Seven books to unlock your creativity
In a changing world, success increasingly comes to those who can devise the most creative solutions to pressing problems. Here we profile seven books to help you reset your thinking, up your flow and tap into your inner creative.
History shows that the best way to produce ‘great’ rather than merely ‘good’ ideas in business is to proactively foster creative thinking.
The good news is that, contrary to popular belief, creative thinking isn’t the exclusive preserve of an elite few – it’s within us all.
And being a ‘creative type’ is more likely to instil effective and happy patterns of thinking, which instils an environment for breeding innovation and success. If you’re in need of some inspiration, here’s a suggested reading list to unlock your inner creative.
Creativity: Flow and The Psychology of Discovery and Invention
Author: Mihaly Csikszentmihalyi
What it will teach you: How to become enjoyably immersed in your activities.
Background: If you’ve seen a master craftsman absorbed in his work, you’ve witnessed a ‘flow state’. Consciously or otherwise, everyone from artists to business people to scientists attempt to get into flow states to achieve breakthroughs in their endeavours. In this breakthrough book from 1996, Csikszentmihalyi suggests methods for facilitating more flow in your life.
Classic quote: “Be open to what the world is telling you. Life is nothing more than a stream of experiences – the more widely and deeply you swim in it, the richer your life will be.”
Creativity, Inc.: Overcoming the Unseen Forces That Stand in the Way of True Inspiration
Author: Ed Catmull
What it will teach you: How creativity and commerce can intersect.
Background: Along with John Lasseter and Steve Jobs, Catmull founded Pixar in 1979. It was sold to Disney in 2006 for US$7.4 billion. In a book that focuses on creativity in business and leadership, Catmull explains how he built a robust ‘creative culture’ at Pixar, one that allowed his staff to keep catching lightning in a bottle with hits such as Finding Nemo and Toy Story.
Classic quote: “Failure isn’t a necessary evil. In fact, it isn’t evil at all. It is a necessary consequence of doing something new.”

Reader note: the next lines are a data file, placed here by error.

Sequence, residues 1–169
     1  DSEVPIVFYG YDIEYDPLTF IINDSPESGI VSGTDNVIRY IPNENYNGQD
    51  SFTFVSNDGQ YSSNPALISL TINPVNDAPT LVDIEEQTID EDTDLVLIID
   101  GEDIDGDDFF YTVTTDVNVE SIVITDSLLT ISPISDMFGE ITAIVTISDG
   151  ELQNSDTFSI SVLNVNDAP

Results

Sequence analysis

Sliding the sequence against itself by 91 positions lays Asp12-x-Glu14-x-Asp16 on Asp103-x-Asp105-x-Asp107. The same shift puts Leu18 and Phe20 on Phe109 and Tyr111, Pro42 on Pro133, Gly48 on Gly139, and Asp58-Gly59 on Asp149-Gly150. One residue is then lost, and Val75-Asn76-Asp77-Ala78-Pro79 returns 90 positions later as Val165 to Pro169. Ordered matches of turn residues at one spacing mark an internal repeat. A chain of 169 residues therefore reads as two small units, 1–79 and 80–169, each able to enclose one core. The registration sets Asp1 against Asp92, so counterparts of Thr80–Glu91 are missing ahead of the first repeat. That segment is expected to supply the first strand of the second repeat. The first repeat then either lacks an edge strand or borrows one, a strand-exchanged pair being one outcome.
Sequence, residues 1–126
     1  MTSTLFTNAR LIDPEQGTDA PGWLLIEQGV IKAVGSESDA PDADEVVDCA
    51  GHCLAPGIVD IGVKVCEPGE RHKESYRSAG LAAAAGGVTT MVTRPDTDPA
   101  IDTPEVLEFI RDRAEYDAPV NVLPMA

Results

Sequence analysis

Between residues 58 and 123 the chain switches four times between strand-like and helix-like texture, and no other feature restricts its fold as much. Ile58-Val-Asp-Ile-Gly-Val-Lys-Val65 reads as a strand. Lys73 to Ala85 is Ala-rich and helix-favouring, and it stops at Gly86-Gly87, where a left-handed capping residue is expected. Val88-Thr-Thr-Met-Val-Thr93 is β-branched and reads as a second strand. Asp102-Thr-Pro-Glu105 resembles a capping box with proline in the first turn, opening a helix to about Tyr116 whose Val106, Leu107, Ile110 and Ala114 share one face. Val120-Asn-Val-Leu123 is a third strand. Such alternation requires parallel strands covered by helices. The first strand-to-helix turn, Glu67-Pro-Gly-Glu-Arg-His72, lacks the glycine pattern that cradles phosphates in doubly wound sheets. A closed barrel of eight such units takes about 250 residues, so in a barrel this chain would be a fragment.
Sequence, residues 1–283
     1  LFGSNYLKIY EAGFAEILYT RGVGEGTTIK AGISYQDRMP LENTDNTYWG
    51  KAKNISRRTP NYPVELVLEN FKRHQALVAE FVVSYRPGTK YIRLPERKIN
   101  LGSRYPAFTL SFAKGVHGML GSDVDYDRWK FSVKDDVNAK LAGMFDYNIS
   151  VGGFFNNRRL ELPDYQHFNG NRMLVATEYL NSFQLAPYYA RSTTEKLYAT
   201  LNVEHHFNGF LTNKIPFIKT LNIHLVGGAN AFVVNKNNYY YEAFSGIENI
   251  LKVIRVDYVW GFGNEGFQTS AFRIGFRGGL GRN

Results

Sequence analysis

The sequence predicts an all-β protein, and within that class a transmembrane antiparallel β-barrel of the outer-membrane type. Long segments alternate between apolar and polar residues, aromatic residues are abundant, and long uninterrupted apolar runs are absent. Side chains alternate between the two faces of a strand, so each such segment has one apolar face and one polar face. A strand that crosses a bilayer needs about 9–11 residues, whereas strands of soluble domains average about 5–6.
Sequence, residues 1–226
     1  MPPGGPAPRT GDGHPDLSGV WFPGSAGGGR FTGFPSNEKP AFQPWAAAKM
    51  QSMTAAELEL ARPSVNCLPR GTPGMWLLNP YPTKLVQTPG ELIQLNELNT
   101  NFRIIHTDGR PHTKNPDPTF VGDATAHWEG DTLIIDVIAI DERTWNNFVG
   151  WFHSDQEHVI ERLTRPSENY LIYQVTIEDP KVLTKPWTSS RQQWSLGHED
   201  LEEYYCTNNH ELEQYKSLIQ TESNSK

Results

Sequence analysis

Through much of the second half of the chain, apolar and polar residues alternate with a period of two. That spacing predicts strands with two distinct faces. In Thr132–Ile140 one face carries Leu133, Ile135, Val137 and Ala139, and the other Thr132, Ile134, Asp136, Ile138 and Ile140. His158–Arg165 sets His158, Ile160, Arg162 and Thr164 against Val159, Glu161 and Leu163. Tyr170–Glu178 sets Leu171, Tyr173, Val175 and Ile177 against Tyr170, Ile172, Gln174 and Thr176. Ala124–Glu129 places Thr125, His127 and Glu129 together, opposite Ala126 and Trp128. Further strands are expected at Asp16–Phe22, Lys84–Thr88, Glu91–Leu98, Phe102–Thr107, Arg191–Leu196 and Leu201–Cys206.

Where Good Ideas Come From: The Natural History of Innovation
Author: Steven Johnson
What it will teach you: The seven key patterns that drive innovation.
Background: It’s the single most popular question that’s stumped many of the world’s most exceptional creators: ‘Where do you get your ideas from?’ Author Johnson sets out to answer it by examining hundreds of world-changing innovations. He discovers, encouragingly, that ‘genius ideas’ are typically an exercise in crowdsourcing rather than the result of a single person receiving a flash of divine inspiration.
Classic quote: “Chance favors the connected mind.”
Steal Like an Artist: 10 Things Nobody Told You About Being Creative
Author: Austin Kleon
What it will teach you: Not to be discouraged by the achievements of others.
Background: Kleon, a writer and artist, outlines the 10 things he wishes he’d known starting out. The key takeaway? Yes, it’s all been done before but nobody has done it quite the way you will. So don’t worry about not being an accomplished practitioner, just get started on whatever your passion may be: entrepreneurship, writing, designing or whatever it is you want. There’s also some wise counsel on how to ‘steal’ from your sources of inspiration in a fruitful and ethical manner.
Classic quote: “Write the book you want to read.”
The War of Art: Winning the Inner Creative Battle
Author: Steven Pressfield
What it will teach you: How to slay the self-doubt dragon.
Background: Pressfield is an acclaimed and prolific novelist and screenwriter. Nonetheless, he remembers what it’s like to feel like a fraud and to dread starting a creative endeavour. Drawing on self-help psychology, religious teachings and showbiz anecdotes, this book exhorts everyone to “overcome resistance” (like procrastinating, excuse-making or seeking distractions) and set about fulfilling their creative destiny.
Classic quote: “The most important thing about art is to work. Nothing else matters except sitting down every day and trying.”
Creative Confidence: Unleashing the Creative Potential Within Us All
Authors: David and Tom Kelley
What it will teach you: That you’re a ‘creative type’ even if you don’t yet know it.
Background: The Kelley brothers, who own a globe-spanning design business and set up Stanford’s innovation-promoting d.school, believe that everyone can be creative. Drawing on their work with Ivy League students and Silicon Valley entrepreneurs, the Kelleys provide readers with a no-nonsense action plan for exploiting their creative powers.
Classic quote: “Like a muscle, your creative abilities will grow and strengthen with practice.”
The Artist’s Way: A Spiritual Path to Higher Creativity
Author: Julia Cameron
What it will teach you: Concrete techniques to get your creative juices flowing.
Background: Cameron, a screenwriter once married to Martin Scorsese, wrote this classic creativity back in 1992. In it, she shares a 12-week program that promises to replace self-limiting behaviours with bountiful creativity. Key practises include unloading your thoughts into a journal daily (the ‘Morning Pages’) and exposing yourself to imagination-firing experiences weekly (an ‘Artist Date’).
Classic quote: “Whether making art is your career or your hobby or your dream, it is not too late or too egotistical or too selfish or too silly to work on your creativity.”
This list has been compiled through references and other sources.